There are several programs used for economic integrations, and of the greatest importance is the Belt and Road Initiative. The program focuses on the revitalization of China’s old trading blocs with a continental Silk Road Economic Belt. As such, the program promotes policy integration, trade, and person-to-person connectivity. The country is also a member of the Regional Comprehensive Economic Partnership (RCEP) trading bloc. According to Yongding (2021), China is currently in an expansionary fiscal and monetary policy. The country’s GDP grew by 6.5% in the fourth quarter of 2020, an indication that it had recovered from the post-COVID-19 pandemic (Yongding, 2021).

However, in 2020, the mean inflation rate was 2.4%, with projections indicating that the inflation rate will decline to about 1.82% in 2022 and slightly increase to 1.92% and 2% by 2023 and 2024, respectively (Textor, 2021b). The reason for fluctuation in inflation rates is because of the unprecedented consumer prices on such goods as gas and oil, and other goods and services.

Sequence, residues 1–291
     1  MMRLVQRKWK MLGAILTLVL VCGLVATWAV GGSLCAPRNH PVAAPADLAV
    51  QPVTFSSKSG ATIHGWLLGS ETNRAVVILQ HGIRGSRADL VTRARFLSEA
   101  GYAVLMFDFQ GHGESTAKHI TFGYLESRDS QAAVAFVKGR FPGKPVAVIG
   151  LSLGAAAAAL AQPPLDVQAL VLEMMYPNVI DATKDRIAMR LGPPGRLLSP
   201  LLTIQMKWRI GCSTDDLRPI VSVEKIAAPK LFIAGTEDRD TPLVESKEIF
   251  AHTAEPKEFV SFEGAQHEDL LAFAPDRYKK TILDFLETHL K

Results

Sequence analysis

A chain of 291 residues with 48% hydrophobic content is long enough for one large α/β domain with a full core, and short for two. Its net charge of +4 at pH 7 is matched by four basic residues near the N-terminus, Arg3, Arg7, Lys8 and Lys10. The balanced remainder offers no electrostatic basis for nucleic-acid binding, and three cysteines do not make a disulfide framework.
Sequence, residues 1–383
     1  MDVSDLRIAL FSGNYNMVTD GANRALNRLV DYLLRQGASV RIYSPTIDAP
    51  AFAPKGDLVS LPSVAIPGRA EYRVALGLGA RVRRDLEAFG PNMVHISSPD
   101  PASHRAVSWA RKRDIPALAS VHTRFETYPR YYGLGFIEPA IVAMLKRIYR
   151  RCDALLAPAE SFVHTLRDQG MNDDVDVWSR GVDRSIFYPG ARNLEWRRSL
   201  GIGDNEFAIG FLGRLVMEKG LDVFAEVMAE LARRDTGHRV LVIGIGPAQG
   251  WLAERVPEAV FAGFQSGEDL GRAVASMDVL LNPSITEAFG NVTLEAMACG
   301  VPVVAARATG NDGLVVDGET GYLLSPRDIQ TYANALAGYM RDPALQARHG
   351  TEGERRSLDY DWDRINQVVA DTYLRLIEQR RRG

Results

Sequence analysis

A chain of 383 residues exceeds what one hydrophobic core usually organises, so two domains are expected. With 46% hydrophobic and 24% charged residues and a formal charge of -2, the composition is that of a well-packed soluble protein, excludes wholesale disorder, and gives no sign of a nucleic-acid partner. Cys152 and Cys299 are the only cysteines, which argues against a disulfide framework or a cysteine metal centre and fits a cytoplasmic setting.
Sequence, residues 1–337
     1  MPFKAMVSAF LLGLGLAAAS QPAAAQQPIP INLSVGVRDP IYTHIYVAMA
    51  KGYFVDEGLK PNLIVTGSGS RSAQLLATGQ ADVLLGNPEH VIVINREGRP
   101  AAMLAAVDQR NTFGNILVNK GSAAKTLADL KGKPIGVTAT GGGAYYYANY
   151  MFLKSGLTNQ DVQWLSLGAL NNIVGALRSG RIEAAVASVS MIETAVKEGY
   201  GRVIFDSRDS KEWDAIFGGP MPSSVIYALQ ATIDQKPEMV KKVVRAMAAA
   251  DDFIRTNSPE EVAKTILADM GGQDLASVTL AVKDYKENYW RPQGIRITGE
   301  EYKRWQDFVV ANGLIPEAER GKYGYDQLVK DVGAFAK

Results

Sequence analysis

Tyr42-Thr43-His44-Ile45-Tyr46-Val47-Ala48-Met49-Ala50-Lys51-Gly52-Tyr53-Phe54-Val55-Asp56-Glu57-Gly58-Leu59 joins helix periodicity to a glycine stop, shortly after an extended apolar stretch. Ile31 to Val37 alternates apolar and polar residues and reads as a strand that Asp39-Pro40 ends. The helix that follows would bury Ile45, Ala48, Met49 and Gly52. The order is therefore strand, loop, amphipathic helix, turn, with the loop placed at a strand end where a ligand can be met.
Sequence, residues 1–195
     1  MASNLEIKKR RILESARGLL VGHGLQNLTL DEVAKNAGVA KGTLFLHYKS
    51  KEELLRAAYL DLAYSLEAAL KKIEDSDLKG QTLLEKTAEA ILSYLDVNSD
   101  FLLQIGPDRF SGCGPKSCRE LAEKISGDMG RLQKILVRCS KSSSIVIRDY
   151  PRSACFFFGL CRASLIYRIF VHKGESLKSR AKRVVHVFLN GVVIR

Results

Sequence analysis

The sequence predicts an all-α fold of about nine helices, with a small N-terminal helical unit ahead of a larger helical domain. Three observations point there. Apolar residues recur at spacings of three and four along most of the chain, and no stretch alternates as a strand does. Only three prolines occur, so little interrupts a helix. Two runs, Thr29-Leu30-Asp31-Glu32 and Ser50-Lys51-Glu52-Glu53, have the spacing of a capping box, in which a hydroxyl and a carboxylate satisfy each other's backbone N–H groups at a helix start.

Chinese yuan (CNY) has been known as a non-convertible currency. In part, the currency does not allow free trading in the forward currency markets. In this regard, the country pegs yuan to the U.S. dollar. It has another currency known as Renminbi, which currently trades at 6.3913 CNY per 1 U.S. dollar. However, according to the Economy Forecast Agency [EFA] (2021), the CNY/USD is projected to decline to 6.023, 5.861, and 6.054 in the years 2022, 2023, and 2024 respectively. Despite the projected decline, the currency is one of the major currencies in the world.

Monetary System and Capital Markets

From the above discussion, China does not have a floating exchange rate regime. Instead, it pegs its currency, the Yuan, to the U.S dollar. The renminbi is a modified version of an outdated fixed exchange rate. However, the strength of China’s yuan against the U.S. dollar has increased over the past three years to a record high of 6.4 yuan per dollar (Ping Koh, 2021). In terms of Capital markets, China provides ease of access to capital for both innovation and entrepreneurship. For instance, according to Reshetnikova (2020), almost $ 48.9 billion was disbursed for use in research and development (R&D), with China’s internal industrial construction exceeding $6 billion per annum. In this regard, China’s startups and commercial industries have developed internationally because of access to capital and free investments programs.